A Commonplace

What is a commonplace?



Software is eating everything

Doesn't that bother you? Google, Amazon, Facebook, Apple, Microsoft and IBM, they're in every aspect of your life.

Another way to look at this is that the world is being dominated by companies that know how to write software and know the value of software.

Some of those companies, most of those companies, started off as technology companies.

But there's one of these companies that didn't start off as a technology company and that might be the most interesting/terrifying. Amazon.

Let's just talk about one aspect of Amazon's move into technology. Amazon moved from books into selling computing power of arbitrary complexity and power on the cloud.

How did that? Happen?

Part of the way that it happened is explained in a blog post of a disgruntled ex-employee.

https://gist.github.com/chitchcock/1281611 AKA "Stevie's Google rant."

One interesting this about this post is that you can take away from it a few things:

  1. The world is being dominated by companies that know how to write software - especially software that provides a platform.
  2. The world is currently being dominated, not by companies that do this well, but by companies that do it at all.

And this is a bit of a rant. Well, it has some of the properties of a rant. For one thing, like a rant, it asks rhetorical questions.

Why aren't big companies, like oil companies, like banks, having seen other industries trying to do what the big tech companies do?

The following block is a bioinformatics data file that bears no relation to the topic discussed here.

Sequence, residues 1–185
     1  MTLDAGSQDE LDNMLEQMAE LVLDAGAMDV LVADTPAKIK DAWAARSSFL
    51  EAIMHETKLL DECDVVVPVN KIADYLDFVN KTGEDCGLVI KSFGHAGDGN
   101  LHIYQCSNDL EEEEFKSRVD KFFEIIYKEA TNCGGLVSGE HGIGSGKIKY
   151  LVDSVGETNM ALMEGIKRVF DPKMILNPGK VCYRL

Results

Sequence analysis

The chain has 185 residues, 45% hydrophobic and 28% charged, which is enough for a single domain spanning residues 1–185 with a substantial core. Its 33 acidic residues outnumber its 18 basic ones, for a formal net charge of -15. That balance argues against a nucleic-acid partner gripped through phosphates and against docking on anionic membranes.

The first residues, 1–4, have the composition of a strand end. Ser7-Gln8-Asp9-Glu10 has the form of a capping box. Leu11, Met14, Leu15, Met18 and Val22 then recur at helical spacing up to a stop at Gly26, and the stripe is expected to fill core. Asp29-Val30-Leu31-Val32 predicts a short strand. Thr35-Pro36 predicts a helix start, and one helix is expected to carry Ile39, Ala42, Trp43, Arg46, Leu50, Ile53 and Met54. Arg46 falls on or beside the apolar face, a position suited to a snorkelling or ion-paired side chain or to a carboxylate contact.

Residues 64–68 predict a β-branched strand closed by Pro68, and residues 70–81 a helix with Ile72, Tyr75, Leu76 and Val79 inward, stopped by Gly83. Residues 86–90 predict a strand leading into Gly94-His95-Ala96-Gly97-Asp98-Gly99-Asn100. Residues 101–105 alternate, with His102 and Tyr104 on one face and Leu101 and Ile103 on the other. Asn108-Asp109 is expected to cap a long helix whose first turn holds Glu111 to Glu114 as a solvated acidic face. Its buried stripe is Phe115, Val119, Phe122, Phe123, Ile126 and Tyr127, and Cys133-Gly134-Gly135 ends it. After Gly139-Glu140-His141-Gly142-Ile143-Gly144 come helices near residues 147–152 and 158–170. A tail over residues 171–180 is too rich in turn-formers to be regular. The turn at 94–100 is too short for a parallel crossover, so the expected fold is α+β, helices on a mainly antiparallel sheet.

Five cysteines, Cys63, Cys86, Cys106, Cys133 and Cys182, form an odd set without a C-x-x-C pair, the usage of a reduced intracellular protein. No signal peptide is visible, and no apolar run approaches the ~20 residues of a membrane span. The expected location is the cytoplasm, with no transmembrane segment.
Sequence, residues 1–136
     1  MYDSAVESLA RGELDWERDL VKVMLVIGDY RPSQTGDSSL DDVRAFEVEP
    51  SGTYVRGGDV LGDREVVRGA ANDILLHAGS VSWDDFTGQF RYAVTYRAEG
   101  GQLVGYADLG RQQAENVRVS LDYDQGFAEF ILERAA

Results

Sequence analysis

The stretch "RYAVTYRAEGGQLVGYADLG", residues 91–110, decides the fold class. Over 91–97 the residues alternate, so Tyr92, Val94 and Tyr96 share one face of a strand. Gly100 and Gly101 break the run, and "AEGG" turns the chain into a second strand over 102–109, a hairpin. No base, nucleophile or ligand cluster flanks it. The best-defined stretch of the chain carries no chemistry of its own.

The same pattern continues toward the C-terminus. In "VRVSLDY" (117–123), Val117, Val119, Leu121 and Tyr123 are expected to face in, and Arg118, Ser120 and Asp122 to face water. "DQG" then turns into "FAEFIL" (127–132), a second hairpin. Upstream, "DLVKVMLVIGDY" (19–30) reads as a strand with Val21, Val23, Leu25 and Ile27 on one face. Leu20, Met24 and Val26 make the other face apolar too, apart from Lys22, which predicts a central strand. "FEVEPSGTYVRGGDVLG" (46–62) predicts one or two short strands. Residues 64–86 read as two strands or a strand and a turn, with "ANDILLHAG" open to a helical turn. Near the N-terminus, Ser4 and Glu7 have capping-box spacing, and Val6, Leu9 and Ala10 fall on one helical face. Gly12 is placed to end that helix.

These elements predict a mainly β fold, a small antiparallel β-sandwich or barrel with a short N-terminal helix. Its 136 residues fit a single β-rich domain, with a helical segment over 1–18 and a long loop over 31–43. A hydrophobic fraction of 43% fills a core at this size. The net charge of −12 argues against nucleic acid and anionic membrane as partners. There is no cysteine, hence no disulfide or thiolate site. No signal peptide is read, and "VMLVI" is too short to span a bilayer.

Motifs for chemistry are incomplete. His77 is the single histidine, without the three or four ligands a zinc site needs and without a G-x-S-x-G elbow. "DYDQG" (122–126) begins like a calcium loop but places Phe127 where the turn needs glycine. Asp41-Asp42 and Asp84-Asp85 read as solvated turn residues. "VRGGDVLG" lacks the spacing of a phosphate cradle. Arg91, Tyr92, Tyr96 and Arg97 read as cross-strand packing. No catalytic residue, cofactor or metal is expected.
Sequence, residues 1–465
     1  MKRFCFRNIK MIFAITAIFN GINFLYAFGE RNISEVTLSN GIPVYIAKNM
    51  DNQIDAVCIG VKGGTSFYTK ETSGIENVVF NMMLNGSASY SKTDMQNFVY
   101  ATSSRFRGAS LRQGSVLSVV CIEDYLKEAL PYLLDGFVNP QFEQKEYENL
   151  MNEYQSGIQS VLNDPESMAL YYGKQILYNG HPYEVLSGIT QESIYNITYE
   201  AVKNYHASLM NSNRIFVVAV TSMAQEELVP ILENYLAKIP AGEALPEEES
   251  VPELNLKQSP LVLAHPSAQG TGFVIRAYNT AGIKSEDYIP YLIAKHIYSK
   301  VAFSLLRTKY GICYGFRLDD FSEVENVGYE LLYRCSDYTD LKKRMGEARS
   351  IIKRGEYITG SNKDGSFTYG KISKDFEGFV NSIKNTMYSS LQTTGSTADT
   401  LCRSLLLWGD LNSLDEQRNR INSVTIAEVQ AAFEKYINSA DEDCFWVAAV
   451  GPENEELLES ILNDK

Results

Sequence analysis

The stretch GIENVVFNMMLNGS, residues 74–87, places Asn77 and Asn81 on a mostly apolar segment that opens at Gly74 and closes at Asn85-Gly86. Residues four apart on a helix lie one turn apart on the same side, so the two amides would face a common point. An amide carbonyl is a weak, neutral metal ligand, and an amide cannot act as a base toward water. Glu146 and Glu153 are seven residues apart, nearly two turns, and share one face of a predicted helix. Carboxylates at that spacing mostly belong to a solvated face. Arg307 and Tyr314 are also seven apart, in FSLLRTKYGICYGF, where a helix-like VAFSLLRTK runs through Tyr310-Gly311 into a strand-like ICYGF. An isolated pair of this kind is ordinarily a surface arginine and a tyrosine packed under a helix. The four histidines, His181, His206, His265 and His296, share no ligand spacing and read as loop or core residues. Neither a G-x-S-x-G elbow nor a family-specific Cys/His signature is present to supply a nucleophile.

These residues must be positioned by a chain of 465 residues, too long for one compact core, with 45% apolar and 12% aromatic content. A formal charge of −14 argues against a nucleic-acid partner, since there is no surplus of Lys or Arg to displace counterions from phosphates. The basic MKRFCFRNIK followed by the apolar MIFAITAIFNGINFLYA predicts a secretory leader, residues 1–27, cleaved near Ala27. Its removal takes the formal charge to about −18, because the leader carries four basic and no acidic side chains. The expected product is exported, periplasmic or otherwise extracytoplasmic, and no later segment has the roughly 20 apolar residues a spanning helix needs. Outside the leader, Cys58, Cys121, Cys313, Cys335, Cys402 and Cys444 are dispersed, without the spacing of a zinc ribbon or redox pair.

Specifically, why aren't they trying to turn themselves into a tech company? In the way that Amazon has turned themselves into a tech company.

The interesting thing about the "Stevie's Google Rant" is that it advocates particular approach to scaling - and I'm not sure that I've seen it in any of the Agile Frameworks that talk about Scale.

That is, Stevie's Google rant talks about putting everything that a piece of software does behind an "Accessible" API. That means that whatever your team's software does can be made accessible to other teams. That also means, if it's done right, that whatever your team's software does, can be made accessible to other team's and other people outside of your organisation - for a price of course. That's how Amazon ended up with AWS.

What if the way that you scale software development is by building products on top of accessible platforms?

When thinking about about companies like Amazon and Google, there's been the idea that people are either "above" or "below" the API. That is the application, programmer interface. Certainly, people who sell online can powerfully feel that they are "below" the API when Google's algorithm changes and sudden the business they had been running which dependent on being discoverable of Google is appearing on page 10 of the search results.

But surely this must be a concern for big companies as well? Aren't they at all concerned that they're going to end up working for Google? Or Amazon? Or Microsoft?

What strategy do they have in place to stop it happening?